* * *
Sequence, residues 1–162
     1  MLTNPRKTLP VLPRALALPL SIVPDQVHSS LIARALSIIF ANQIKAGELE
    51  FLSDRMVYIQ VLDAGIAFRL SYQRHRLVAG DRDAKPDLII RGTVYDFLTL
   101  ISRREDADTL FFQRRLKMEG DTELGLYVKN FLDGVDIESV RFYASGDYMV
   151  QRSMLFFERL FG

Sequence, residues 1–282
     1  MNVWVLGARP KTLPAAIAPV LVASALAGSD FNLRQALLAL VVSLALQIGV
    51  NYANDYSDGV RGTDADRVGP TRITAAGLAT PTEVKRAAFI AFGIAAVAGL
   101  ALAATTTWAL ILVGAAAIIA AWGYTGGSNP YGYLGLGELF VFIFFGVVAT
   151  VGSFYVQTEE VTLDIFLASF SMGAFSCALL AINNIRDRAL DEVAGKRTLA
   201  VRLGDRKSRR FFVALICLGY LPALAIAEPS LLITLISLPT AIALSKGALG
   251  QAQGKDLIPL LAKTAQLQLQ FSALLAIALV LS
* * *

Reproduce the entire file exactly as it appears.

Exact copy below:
Sequence, residues 1–162
     1  MLTNPRKTLP VLPRALALPL SIVPDQVHSS LIARALSIIF ANQIKAGELE
    51  FLSDRMVYIQ VLDAGIAFRL SYQRHRLVAG DRDAKPDLII RGTVYDFLTL
   101  ISRREDADTL FFQRRLKMEG DTELGLYVKN FLDGVDIESV RFYASGDYMV
   151  QRSMLFFERL FG

Sequence, residues 1–282
     1  MNVWVLGARP KTLPAAIAPV LVASALAGSD FNLRQALLAL VVSLALQIGV
    51  NYANDYSDGV RGTDADRVGP TRITAAGLAT PTEVKRAAFI AFGIAAVAGL
   101  ALAATTTWAL ILVGAAAIIA AWGYTGGSNP YGYLGLGELF VFIFFGVVAT
   151  VGSFYVQTEE VTLDIFLASF SMGAFSCALL AINNIRDRAL DEVAGKRTLA
   201  VRLGDRKSRR FFVALICLGY LPALAIAEPS LLITLISLPT AIALSKGALG
   251  QAQGKDLIPL LAKTAQLQLQ FSALLAIALV LS